October 11, annually, is Coming Out Day a time for all gay, lesbian, bisexual, transgender and queer (GLBTQ) people to open the closet (secret hiding place) door and step out into the world as a proud member of the GLBTQ community. National Coming Out Day is observed on October 11, in the USA and is also celebrated on October 12, in other countries throughout the world. The term “coming out” is used when persons who are GLBTQ take the steps to let others know of their sexual orientation.
For many years, the term “closet” was used as a place where GLBTQ would “hide” themselves from the hateful and homophobic world. Only in recent years has being GLBTQ been decriminalized in many places so during earlier times, hiding in the “closet” was as much a technique for survival and being able to function in the broader society. The term “coming out of the closet” became a euphemism for GLBTQ people proudly announcing and owning their natural sexuality.
The first National Coming Out Day was observed in the USA on October 11, 1988. It was co-founded by Robert Eichberg, a New Mexico psychologist who subsequently died of complications resulting from AIDS in 1995 and Jean O’Leary, an open lesbian political activist from New York, who at the time was heading the Gay and Lesbian Project in Los Angeles, California.
The date of October 11, was selected as it was the first anniversary of the 1987 March on Washington for Gay and Lesbian Rights. That event was the very first ever national GLBTQ civil rights action that had occurred in Washington, DC, USA. That action also brought national attention to the growing HIV/AIDS epidemic. One of the unexpected side effects of the AIDS crisis was that it forced many gay men out of their closets once it became known that they were ill.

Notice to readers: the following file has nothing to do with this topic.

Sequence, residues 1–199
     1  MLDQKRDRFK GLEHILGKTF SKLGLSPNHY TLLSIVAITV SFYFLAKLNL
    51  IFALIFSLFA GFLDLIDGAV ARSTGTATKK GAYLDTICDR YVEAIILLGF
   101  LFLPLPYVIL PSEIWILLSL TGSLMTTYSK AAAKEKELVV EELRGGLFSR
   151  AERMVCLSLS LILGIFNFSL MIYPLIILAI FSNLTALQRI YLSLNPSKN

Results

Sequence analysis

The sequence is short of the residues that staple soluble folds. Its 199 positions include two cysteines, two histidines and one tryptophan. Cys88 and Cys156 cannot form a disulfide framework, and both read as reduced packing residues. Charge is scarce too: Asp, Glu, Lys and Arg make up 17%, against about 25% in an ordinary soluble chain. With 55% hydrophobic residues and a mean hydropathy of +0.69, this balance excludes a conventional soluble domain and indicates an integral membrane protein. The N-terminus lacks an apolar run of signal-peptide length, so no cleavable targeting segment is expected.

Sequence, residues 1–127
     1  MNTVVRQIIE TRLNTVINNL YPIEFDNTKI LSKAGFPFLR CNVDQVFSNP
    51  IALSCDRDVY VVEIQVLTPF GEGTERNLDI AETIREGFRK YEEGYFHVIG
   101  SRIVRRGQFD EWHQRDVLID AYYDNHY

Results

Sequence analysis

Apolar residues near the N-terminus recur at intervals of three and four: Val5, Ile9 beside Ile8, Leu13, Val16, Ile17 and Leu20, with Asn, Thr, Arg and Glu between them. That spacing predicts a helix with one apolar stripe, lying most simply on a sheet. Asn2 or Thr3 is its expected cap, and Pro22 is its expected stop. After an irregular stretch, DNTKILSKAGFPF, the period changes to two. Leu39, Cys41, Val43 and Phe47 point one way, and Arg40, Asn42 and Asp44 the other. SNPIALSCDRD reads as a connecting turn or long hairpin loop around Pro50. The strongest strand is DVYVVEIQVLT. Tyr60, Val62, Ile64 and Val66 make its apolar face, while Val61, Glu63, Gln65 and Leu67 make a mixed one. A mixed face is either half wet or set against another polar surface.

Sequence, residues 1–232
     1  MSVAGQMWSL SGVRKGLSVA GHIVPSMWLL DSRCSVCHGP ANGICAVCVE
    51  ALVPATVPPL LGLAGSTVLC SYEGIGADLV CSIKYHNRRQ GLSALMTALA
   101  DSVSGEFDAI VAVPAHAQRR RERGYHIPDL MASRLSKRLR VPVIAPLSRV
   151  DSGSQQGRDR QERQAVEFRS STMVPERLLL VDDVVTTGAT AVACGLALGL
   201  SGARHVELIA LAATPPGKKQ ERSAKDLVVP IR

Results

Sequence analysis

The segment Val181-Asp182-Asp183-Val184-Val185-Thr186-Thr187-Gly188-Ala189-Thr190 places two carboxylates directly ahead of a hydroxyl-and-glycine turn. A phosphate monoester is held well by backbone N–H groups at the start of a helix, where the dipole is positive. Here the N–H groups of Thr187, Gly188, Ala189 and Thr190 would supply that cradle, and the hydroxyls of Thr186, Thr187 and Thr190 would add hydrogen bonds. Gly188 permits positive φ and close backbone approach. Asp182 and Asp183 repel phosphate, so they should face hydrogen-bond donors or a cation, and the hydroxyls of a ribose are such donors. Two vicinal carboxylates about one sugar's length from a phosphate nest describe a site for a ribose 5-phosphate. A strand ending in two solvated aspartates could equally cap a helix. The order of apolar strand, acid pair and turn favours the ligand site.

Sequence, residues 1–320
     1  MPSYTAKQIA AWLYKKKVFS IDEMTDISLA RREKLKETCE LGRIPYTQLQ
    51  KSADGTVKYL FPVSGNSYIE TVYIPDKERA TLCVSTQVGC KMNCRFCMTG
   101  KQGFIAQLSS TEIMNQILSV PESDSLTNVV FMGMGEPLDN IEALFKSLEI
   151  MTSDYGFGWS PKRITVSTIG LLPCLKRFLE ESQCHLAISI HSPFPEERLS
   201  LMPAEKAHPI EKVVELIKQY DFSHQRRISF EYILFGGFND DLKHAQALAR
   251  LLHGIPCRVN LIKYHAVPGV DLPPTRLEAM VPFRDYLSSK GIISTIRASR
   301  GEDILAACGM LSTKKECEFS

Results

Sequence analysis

“Most people think that they don’t know anyone who is gay or lesbian and in fact everyone does. It is imperative that we come out and let people know who we are and disabuse them of their fears and stereotypes.” ~ Robert Eichberg, 1993
For many men and women, taking the step out of their proverbial closet was a traumatic event. It was hoped that in having this national celebration that the stress would be relieved and solidarity achieved with the knowledge that it was happening in homes and workplaces throughout the country.
Closets Are For Clothes…
One of the completely unexpected benefits of the Coming Out Day campaign was the similar movement that it created within the community of GLBTQ bare practitioners. Continuing with the same coming out theme, the GLBTQ naturist/nudist groups developed the slogan: “closets are for clothes.” The implication is to leave both your shame and your clothes in the closet and proudly step out and acknowledge that you’re both GLBTQ and a bare practitioner. In other words, kick open the closet door and be yourself without fear or shame.
Although not as successful or as popular as the original Coming Out Day campaign, it did ignite a growth in the number of bare GLBTQ social groups and clubs across the country during the late 1980’s and early 1990’s. Some of these groups continue to be active even today and some, unfortunately, have faded into oblivion.
Most people no longer wait until National Coming Out Day to step outside their “closet” and proudly acknowledge their true selves. Increasingly, many people accept themselves as they are and live their lives accordingly. What is more important, in my own humble opinion, is that people strive to be happy as they live and remember to treat everyone with kindness and respect at all times.
Happy Coming Out Day!